JOHNSON CITY, Tenn. (WJHL) — Budget cuts are happening at the state level, which leaves families fearing the worst.

The Tennessee Department of Intellectual and Developmental Disabilities recently announced there will be budget cuts for the 2021 fiscal year. This means programs that help people with disabilities, specifically the Family Support Program, are in danger of losing funding.

In the Tri-Cities, about 270 families receive assistance from Family Support Program. Roughly 241 families in northeast Tennessee are on the waiting list:

Active recipients:
Carter: 36
Hawkins: 23
Johnson: 12
Sullivan: 82
Unicoi: 12
Washington: 66
Greene: 35
TOTAL: 266

Wait-listed recipients:
Carter: 37
Hawkins: 32
Johnson: 9
Sullivan: 49
Unicoi: 15
Washington: 84
Greene: 15
TOTAL: 241

Pheben Kassahun spoke with a family in Johnson City trying to bring attention to the governor’s desk before they are stuck with a worse alternative.

Families with disabilities and agencies across the state of Tennessee are on pins and needles waiting to hear from government officials whether or not programs will receive funding for this fiscal year.

“It’s not a want. It’s a need,” Angela Presnell told Kassahun.

Johnson City mother, Angela Presnell is the full-time caregiver for her two children with autism.

“They both were diagnosed around the age of 7 or 8,” Presnell said.

Her son is now 20, and her daughter is now 13.

Presnell said, “I home-school them. With the family support money also, I use some of their family support to help pay for their tuition. Some of it, I buy their curriculum with it. So, I’m able to cater their curriculum to their need.”

She said funding helps offset the costs for medication and doctor appointments. Sometimes, the family has to go out of network in order to find the right specialist for their kids.

“{Her son} his insurance changed so I had to find a doctor that would see him, but the closest psychiatrist was 100 miles away and so, we couldn’t do that. We had to pay private pay. With the family support program, they are able to for him to see his psychiatrist where my son can have his medication,” Presnell said.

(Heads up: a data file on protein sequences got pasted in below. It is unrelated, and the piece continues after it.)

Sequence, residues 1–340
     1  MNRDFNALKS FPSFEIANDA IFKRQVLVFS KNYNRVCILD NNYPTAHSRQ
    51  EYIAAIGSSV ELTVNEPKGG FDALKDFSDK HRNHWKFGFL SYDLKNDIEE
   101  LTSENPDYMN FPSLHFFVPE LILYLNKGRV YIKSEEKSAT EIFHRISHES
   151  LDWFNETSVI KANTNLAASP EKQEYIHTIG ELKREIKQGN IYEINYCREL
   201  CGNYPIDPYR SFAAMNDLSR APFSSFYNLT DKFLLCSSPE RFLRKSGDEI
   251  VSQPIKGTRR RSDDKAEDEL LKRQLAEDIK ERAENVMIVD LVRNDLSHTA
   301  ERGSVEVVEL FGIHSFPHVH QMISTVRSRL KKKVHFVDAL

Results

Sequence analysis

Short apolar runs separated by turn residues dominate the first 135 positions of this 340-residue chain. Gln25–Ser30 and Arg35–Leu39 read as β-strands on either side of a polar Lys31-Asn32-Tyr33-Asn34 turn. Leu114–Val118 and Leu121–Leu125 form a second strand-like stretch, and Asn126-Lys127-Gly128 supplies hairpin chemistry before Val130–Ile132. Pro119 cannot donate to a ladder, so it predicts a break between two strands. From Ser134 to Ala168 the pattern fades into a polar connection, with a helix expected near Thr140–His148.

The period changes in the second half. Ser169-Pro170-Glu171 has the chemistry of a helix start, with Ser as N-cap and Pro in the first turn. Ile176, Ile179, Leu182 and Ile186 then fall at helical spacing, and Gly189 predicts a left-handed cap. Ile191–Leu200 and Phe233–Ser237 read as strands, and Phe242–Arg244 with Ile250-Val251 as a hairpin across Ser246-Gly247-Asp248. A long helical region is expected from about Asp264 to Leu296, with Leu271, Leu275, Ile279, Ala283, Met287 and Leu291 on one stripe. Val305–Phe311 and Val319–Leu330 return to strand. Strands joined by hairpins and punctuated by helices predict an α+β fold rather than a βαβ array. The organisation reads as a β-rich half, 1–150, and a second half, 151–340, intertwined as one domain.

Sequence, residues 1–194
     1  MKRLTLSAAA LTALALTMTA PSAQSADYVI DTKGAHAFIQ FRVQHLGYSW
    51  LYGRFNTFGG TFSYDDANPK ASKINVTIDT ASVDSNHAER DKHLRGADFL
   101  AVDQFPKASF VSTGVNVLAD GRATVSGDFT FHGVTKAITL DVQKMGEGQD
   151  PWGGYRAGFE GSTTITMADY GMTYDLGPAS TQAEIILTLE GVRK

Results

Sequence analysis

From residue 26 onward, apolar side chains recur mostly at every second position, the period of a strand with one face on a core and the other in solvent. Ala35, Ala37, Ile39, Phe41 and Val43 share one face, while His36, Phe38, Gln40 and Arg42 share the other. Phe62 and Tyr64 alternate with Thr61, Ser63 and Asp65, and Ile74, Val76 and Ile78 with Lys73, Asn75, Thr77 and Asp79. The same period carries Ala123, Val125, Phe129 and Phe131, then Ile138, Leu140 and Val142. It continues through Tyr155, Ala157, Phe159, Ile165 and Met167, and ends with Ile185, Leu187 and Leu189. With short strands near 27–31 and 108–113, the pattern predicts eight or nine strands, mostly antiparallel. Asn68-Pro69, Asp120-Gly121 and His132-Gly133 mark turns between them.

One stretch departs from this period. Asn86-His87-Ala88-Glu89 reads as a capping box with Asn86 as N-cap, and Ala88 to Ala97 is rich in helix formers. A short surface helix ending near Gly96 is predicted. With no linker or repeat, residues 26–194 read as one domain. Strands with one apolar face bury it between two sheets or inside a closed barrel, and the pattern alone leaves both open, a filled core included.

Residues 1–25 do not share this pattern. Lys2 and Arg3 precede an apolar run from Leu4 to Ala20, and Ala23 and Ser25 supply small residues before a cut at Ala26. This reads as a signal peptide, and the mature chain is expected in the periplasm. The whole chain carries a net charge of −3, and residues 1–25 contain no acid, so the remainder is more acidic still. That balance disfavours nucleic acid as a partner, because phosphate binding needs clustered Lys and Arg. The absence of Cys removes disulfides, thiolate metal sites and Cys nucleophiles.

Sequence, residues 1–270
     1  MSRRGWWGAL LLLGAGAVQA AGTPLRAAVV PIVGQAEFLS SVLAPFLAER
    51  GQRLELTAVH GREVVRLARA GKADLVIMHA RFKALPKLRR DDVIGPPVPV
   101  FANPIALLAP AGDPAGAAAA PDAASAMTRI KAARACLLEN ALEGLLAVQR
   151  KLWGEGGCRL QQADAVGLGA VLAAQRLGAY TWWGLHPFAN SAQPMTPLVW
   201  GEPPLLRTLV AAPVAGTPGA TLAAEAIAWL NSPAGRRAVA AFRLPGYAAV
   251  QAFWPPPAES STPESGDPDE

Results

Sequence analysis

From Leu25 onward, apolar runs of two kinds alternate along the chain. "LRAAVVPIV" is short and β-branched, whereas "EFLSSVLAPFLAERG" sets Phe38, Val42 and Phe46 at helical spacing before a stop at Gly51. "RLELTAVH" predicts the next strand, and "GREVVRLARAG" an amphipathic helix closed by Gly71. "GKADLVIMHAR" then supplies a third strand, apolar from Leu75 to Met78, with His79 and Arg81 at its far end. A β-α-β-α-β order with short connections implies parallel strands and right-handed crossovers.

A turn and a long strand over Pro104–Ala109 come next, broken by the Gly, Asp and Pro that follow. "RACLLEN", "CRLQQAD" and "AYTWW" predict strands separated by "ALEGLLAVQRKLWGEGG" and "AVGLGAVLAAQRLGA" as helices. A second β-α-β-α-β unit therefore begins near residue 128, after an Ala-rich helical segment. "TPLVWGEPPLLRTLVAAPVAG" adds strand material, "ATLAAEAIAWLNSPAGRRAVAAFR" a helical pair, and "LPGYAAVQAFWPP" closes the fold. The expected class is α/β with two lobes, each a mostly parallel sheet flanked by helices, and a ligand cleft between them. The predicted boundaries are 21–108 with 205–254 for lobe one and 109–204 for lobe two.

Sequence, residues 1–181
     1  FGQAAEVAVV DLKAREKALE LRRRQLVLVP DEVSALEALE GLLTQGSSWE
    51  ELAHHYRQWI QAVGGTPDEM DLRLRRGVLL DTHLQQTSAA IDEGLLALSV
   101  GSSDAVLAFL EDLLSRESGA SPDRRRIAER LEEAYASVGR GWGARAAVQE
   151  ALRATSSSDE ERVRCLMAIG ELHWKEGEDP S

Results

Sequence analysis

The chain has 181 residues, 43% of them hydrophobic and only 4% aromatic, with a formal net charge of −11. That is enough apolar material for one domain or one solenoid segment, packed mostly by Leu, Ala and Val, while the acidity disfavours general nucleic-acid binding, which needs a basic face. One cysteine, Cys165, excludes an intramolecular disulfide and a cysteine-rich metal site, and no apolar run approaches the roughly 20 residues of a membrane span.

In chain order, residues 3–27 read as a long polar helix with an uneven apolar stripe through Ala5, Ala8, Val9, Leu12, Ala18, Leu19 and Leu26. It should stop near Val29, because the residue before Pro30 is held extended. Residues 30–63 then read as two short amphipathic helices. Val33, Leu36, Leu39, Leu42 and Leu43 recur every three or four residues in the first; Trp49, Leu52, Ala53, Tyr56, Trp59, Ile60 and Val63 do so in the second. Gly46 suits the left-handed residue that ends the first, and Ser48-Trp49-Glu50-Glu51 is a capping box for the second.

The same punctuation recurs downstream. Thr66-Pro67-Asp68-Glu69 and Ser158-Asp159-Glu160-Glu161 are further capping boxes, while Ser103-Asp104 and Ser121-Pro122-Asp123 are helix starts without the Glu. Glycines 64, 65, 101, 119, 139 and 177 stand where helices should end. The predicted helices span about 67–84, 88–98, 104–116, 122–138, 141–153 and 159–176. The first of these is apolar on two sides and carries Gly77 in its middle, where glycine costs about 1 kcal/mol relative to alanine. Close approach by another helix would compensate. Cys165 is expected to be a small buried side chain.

Sarah Sampson said, “Disability is expensive, even middle income familes really struggle to provide the extra care.”

Family Support Program state chair, Sara Sampson, said the program is unique because it serves tennesseans with any kind of disability across all ages.

“It actually saves the state money in the long run because it allows families to keep their family member with the disability at home, rather than have no other option than for them to go to a nursing home to receive care,” Sampson said.

Sampson hopes advocacy can help bring attention to state leaders, and help keep funding allotted for families this year.

“They can’t plan for this year which means they can’t plan for that home modification or that respite care,” Sampson told Kassahun.

Presnell said, “Kids are going to need a specialized wheelchair, specialized strollers or something like that and they’re not going to be able to get it.”

Presnell fears families will suffer if funding is cut.

“I really encourage all the parents to send out emails, phone calls, whatever they can to help keep this program funded,” Presnell said.

Kassahun reached out to the Tennessee Department of Intellectual and Developmental Disabilities for comment and has not heard back.